The fiancé of a man who was killed after stopping to help a crashed driver on the Pine Valley Creek Bridge Wednesday said her husband to be was the kind of guy who would help anybody at any time.
“Oh God, no,” Gwendolyn Sneed said, answering whether or not she was surprised by the circumstances of her fiancé’s death.
“It didn’t surprise me at all. It makes me laugh and cry at the same time. It was totally him.”
Robert Verlin Bruno, Jr. was found dead Wednesday morning under the Pine Valley Creek Bridge which spans some 400 feet in the air.
The California Highway Patrol said Bruno, 48, stopped to help a driver in a Chevy pick-up truck who spun out on a patch of ice on westbound Interstate-8 and crashed into the bridge’s railing sometime before 5:10 a.m.
Moments later, another truck swerved to avoid the first crash and collided with a Kia Sorento. A fourth car then slammed into the back of the Kia, CHP said.
In an attempt to avoid the oncoming cars, Bruno ran to the side of the bridge and jumped over the rail, CHP said.
The bridge in San Diego’s East County is one of the highest in the U.S. Bruno did not survive the fall.
Officers on scene initially thought the good Samaritan, who was driving a Subaru, may have crashed into the spun-out truck and was ejected from the vehicle.
Officers later learned Bruno had stopped to help the stranded driver.
“He was a guy who would help anybody at any time,” Sneed said. “He was the guy who would walk by someone who looked down and out and give him this leftover food.”
Sneed said she’s experienced a rollercoaster of emotions since learning of Bruno’s death and doesn’t really know what she’s supposed to do next.
“He was the other half of me,” Sneed said. “Spiritually, physically mentally.”
Bruno’s body was found in a snow-covered canyon under the bridge by a chopper that was weaving through support beams during the search. He just celebrated his 48th birthday two weeks ago.
While the chopper spotted Bruno just before 7 a.m., crews were still coming up with a plan to retrieve the body hours later.
Sneed says the couple lives in Jacumba Hot Springs, about 75 miles away from San Diego, and both made the daily hour-long commute to work in the city. She says her fiancé was always concerned for her safety on the roads when winter weather came and would constantly remind her to drive safely.
She said it was raining the night before and snow was on its way.
“He definitely warned me to be careful,” she said.
Between bedtime and 5 a.m. when Bruno left their house for work, snow had fallen. Sneed said she was still cozy in bed and no cautious advisories were exchanged that morning.
“It snowed early that morning. There was black ice on the road and that’s ultimately what killed him,” she said.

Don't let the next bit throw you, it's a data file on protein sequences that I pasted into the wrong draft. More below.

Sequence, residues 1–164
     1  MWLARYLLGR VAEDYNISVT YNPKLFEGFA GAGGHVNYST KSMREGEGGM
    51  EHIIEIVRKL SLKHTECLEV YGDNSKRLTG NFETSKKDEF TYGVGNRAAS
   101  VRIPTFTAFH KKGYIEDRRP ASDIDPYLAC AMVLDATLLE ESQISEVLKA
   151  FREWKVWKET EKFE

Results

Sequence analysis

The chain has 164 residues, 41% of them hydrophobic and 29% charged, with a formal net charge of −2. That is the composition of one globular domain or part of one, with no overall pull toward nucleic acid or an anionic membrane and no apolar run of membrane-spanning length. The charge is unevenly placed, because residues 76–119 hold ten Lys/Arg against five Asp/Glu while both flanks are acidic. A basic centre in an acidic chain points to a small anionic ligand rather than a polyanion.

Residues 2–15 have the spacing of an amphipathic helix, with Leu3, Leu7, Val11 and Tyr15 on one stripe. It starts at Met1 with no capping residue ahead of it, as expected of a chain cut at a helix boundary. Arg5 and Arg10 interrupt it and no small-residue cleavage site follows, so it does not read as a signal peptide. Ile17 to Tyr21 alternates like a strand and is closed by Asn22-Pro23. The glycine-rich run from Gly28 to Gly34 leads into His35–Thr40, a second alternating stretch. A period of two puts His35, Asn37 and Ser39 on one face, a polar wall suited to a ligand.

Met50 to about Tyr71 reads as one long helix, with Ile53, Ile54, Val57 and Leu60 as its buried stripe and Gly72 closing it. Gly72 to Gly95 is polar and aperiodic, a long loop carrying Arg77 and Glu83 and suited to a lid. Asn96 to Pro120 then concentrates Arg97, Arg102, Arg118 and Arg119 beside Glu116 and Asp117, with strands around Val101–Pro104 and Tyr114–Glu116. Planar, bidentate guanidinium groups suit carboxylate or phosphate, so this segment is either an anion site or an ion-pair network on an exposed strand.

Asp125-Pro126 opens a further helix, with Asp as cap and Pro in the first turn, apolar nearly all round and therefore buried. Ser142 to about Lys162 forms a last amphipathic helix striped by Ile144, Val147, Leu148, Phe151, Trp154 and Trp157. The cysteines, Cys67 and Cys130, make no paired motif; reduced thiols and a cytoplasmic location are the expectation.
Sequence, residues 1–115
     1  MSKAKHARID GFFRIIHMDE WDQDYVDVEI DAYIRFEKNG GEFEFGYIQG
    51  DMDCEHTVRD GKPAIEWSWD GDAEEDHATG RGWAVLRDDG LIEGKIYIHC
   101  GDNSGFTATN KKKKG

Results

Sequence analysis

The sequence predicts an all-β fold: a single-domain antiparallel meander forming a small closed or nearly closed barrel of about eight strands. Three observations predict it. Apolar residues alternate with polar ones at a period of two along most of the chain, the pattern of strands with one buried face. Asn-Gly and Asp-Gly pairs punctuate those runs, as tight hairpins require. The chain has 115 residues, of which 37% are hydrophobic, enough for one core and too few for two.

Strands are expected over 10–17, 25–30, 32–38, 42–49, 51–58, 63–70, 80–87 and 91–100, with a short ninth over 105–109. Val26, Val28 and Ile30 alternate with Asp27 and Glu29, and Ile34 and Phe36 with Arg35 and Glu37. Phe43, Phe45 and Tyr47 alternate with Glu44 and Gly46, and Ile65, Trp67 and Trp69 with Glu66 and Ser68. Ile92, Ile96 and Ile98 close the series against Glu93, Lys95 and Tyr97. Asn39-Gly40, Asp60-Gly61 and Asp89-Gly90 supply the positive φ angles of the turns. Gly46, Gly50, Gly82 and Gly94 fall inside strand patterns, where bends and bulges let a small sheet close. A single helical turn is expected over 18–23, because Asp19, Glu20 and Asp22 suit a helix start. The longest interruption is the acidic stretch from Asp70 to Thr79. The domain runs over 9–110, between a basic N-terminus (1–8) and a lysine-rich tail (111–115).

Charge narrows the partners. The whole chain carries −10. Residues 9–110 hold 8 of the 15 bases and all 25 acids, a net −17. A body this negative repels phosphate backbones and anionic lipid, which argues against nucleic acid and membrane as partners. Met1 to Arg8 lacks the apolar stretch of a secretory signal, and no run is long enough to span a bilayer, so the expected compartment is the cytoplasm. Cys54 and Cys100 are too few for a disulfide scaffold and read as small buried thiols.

Sneed described Bruno as the type of man who could command a room — an unfiltered, “totally authentic” man who respected everyone and got nothing but respect back.
His skills in the kitchen and in his garden were a few that stood out to Sneed, and she said she’s sharing her grief with their amazing families and friends.
According to Sneed, Bruno was an installation manager at a business called Life Deck and like to restore cars and ride his motorcycle in his spare time. He has a 28-year-old son living out of town who Sneed says they raised together since he was nine.
People at Major’s Coffee Shop in Pine Valley told NBC 7 they know all about the dangers on the highway when freezing temperatures hit.
Debi McNamer, owner of Major’s Coffee Shop, said she’s been driving around town at 5 mph to avoid sliding on the icy roads.
She and others at the coffee shop were heartbroken to learn about what happened to the good Samaritan.
“It brings tears to your eyes,” McNamer said. “You just think, ‘Wow.’ Somebody helping a neighbor, a stranger they didn’t know, trying to be a good Samaritan and they’re killed because of it.”
The other victims involved in the crash, including a 4-month-old infant, were all believed to be accounted for, firefighters said. Only minor injuries were reported but medics did transport one person to the hospital.
The crash on the bridge leading to and from the desert happened after about a week’s worth of rain and snow from three separate storm systems.
At 450 feet tall, the Pine Valley Creek Bridge is the 11th highest bridge in the U.S., according to World Atlas.
While rain had cleared Wednesday morning, forecasters warned that roads would remain icy for several more days.
CHP said conditions on the bridge at the time of the crash were foggy, icy and snowy.
A CHP officer told an NBC 7 News crew the bridge conditions were so unsafe reporters could not be on it.
Caltrans crews dumped a truckload of sand to de-slick the roadway enough to remove the vehicles after the crashes. During, traffic was reduced to one lane on westbound I-8.